Yes, I made it!
I was feeling elated not only because I was on the Peak but also because I overcame the challenge.
I thought that it would have been easier if there was no snow. However, probably it was the white and silky snow that kept me cool and going!
There were many people at the Peak. I realized that they came through a lift (or the Gondola) from the base of Muju Ski Resort then hiked to the Peak.
I even saw small kids and toddlers with their parents, of course. Everyone was busy taking selfies and group photos.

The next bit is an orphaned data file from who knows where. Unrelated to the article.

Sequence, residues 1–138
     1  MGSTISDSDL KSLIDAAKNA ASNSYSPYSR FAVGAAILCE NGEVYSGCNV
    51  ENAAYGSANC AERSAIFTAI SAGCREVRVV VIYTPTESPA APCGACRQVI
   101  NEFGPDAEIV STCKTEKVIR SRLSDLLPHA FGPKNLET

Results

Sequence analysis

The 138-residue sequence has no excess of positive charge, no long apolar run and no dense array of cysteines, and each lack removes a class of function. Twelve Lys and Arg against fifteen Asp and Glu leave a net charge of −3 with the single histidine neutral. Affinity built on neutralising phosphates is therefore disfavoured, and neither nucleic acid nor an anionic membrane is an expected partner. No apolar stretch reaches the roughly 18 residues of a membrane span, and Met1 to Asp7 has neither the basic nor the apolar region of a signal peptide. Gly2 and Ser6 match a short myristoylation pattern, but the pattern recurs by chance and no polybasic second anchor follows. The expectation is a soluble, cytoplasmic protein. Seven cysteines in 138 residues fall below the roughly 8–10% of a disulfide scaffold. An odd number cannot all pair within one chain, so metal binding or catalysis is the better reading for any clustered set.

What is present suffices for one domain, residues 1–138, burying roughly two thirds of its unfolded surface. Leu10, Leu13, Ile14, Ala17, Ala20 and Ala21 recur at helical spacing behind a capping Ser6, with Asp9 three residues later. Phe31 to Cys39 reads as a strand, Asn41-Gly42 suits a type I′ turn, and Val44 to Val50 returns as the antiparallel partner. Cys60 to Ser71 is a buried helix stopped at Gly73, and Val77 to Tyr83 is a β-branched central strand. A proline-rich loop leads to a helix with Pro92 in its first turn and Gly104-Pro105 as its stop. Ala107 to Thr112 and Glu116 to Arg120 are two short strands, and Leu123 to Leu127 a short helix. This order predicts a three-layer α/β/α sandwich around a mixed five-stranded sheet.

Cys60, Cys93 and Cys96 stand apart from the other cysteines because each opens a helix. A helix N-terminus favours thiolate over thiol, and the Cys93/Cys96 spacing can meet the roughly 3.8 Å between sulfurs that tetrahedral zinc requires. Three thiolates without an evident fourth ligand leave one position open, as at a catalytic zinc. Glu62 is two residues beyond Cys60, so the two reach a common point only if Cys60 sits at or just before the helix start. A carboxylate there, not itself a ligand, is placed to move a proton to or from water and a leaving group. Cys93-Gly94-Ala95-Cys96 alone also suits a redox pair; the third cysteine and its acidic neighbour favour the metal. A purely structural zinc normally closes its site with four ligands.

Hmm... this is what I am here for... to take lots of pictures.
After feeling satisfied and fill my heart to its brim that I have taken enough photos, I asked somebody to take one for me, which he willingly did.
'Kamsahamnida,' I said gladly and gratefully!
Heading Towards the Gondola
It was getting dark, and I had to start coming down. My plan was to take the Gondola (sort of cable car) to the base of Muju Ski Resort, where I can find my way back to my hotel.
Going down, I saw some foreign visitors pausing by the trailside making sure they got pictures with snow all over. I'm pretty sure they did it for their Instagram or Facebook pages.
Why not? The views are simply spectacular!
I also took the time to get more photos at some corners and elevated observation deck.
There I went, and to my surprise, I saw the tourists lining up waiting for their turn. What made me feel anxious was that the ticketing booth would be closing in 15 minutes.